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By Karin Anderson | 05-23-2012 05:00 PM

Peeling Back the Layers of Risk in Stock Investing

Former Morningstar Manager of the Year Charlie Dreifus of Royce Funds says he's increasingly stress-testing his investment theses.

Karin Anderson: Hi, I'm Karin Anderson, a mutual fund analyst here at Morningstar.

I'm here today with Charlie Dreifus, who is the portfolio manager of the Royce Special Equity Fund as well as the Royce Special Equity Multi-Cap Fund.

Hi, Charlie thanks for being here.

Charlie Dreifus: Hi, Karin. Thank you. My pleasure.

Anderson: Can you maybe tell us a little bit more about the valuation metrics that you really rely on in the company characteristics that you look for, and maybe to follow-up on that you mentioned there are certain companies that you just can't value and you are very well-known for never touching financials.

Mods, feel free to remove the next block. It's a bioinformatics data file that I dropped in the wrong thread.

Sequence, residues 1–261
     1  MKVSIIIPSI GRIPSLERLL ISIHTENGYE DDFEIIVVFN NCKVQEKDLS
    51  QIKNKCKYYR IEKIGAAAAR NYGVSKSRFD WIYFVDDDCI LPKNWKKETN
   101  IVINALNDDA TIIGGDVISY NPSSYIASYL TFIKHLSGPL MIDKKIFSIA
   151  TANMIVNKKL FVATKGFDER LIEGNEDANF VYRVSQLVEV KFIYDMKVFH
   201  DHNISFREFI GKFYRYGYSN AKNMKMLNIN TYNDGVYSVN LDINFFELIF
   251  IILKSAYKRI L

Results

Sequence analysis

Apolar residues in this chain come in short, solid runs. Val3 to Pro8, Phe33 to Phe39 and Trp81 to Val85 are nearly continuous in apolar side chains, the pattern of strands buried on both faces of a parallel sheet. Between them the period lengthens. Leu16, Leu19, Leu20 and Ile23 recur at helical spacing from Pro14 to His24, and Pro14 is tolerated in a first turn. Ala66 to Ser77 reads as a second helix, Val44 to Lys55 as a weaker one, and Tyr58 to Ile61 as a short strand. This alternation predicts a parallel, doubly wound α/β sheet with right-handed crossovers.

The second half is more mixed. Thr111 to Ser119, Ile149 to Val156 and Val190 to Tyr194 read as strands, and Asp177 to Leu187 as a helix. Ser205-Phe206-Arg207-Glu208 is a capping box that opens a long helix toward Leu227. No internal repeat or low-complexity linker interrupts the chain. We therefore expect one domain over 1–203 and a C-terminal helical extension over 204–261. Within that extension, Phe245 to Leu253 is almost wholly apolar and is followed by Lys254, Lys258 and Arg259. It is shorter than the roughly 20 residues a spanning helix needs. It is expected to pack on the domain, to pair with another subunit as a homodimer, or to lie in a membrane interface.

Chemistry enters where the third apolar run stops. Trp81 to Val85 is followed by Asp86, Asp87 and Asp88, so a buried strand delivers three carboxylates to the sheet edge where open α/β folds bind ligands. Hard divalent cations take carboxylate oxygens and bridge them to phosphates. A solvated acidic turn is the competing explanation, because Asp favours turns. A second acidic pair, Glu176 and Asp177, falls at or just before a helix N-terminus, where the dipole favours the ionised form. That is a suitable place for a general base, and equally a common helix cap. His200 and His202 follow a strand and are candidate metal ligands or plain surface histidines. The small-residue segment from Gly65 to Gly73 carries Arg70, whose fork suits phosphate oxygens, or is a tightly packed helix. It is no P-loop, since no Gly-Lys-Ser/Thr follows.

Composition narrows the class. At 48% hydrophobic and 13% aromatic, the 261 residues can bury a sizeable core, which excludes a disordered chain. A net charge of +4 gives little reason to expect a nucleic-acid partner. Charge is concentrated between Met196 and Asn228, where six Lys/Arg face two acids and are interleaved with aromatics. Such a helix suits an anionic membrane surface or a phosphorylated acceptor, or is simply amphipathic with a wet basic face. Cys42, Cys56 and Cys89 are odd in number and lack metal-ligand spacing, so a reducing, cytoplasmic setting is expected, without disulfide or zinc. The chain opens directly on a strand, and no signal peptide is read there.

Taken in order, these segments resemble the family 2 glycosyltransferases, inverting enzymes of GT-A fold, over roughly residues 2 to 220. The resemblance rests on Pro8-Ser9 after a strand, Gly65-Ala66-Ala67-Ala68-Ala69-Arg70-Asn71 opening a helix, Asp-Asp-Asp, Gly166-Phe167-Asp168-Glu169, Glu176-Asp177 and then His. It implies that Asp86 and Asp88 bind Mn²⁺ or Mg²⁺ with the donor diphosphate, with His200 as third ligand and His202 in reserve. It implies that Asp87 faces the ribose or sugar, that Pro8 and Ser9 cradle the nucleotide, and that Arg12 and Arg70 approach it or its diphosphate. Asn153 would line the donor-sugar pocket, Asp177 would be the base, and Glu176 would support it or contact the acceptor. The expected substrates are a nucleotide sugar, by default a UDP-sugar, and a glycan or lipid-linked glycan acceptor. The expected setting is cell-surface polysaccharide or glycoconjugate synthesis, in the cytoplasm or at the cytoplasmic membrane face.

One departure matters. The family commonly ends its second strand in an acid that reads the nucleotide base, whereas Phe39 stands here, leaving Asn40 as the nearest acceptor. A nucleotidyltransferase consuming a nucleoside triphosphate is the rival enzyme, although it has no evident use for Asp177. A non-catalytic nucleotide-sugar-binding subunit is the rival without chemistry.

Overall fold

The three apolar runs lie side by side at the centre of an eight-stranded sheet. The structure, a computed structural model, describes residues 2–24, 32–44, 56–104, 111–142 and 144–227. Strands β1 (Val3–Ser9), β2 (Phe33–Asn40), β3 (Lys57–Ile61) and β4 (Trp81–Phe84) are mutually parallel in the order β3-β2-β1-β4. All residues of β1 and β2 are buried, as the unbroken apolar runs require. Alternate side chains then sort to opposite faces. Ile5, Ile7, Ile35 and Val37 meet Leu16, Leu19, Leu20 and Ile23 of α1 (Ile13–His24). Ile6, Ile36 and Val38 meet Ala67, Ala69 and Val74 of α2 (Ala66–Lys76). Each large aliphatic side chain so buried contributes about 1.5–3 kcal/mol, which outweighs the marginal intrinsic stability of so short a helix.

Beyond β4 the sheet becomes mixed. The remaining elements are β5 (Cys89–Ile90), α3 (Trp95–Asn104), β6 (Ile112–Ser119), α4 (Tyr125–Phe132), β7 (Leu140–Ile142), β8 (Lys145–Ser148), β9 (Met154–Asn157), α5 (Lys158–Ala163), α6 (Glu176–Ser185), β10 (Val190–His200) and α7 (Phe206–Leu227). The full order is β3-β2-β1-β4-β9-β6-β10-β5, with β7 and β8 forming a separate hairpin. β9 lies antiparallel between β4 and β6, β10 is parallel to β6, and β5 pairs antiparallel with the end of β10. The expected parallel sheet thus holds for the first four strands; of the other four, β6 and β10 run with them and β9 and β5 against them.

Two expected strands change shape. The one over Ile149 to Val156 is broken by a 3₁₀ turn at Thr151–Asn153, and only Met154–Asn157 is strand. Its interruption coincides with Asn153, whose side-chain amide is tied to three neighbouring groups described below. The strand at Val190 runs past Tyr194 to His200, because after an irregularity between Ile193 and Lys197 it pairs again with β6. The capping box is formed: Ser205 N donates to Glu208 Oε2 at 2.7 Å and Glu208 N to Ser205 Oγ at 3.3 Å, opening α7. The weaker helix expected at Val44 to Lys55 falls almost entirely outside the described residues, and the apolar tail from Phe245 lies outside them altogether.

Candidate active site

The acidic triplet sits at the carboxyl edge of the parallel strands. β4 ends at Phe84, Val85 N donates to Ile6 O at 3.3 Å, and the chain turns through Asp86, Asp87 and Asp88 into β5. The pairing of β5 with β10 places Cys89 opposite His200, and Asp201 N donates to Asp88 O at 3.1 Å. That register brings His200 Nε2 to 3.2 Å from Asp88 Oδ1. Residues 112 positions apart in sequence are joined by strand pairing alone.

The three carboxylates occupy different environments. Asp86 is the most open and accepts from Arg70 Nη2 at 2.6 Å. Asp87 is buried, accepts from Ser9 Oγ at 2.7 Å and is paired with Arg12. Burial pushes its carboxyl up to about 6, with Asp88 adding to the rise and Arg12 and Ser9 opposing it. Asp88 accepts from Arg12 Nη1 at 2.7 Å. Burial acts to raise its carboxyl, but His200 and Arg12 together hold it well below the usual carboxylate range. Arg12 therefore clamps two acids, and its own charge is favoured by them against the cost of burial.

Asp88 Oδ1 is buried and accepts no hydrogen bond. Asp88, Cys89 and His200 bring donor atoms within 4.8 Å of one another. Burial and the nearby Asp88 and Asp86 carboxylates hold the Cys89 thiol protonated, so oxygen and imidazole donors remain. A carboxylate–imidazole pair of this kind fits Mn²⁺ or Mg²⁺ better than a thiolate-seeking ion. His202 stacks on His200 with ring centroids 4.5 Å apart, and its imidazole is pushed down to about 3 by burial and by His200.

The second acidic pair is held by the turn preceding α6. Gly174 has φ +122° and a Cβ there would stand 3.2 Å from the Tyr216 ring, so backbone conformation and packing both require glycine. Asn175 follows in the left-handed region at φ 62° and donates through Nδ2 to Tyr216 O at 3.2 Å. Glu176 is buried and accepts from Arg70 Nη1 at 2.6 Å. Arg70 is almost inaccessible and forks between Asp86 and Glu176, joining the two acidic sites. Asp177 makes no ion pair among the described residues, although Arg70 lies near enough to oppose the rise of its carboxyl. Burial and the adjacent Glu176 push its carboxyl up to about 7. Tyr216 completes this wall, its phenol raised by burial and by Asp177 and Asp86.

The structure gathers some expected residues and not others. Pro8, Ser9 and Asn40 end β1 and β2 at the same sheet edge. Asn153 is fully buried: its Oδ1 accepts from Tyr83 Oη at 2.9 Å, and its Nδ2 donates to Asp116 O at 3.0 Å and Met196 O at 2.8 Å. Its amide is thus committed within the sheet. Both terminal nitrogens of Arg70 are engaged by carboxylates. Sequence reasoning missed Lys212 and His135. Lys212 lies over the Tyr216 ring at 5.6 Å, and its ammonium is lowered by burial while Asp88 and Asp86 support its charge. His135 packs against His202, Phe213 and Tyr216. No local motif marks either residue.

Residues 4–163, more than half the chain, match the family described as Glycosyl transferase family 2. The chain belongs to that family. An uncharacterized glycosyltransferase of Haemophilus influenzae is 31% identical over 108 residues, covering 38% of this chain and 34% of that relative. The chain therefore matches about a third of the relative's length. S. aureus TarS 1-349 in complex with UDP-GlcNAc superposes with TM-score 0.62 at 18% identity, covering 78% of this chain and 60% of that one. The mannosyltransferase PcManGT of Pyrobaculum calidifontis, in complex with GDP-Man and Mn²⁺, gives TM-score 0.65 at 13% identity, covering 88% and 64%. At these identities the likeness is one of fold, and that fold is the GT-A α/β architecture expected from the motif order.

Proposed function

Dreifus: Fair enough. There are a couple of key metrics ... there are many metrics that I use ... but the key metrics: My valuation metric is very much an LBO or merger and acquisition kind of metric, where I look at the return, in the parlance of the industry what they call the "cap rate," versus the cost of capital, and there I use as a proxy, a junk bond yield, and I'm looking for companies where based on current trailing 12 months or a lower number, if I believe the earnings are destined to decline. There is this differential between the cap rate and the cost of capital. So, as an entrepreneur, I would have incentive to buy the entire company.

Now, to make sure that I'm not buying terrible companies, I want them very much in the spirit of Morningstar's moat approach, to have a high return on invested capital. I want some degree of niche-ness, pricing power, something that distinguishes these companies and makes them attractive.

I also require a high cash-conversion cycle such that over a business cycle, the funds from operations minus capital expenditures are a large proportion, if not greater than reported net income.

I also feature companies with low debt. I also feature companies who raised their dividends consecutively, or at least often if not consecutively.

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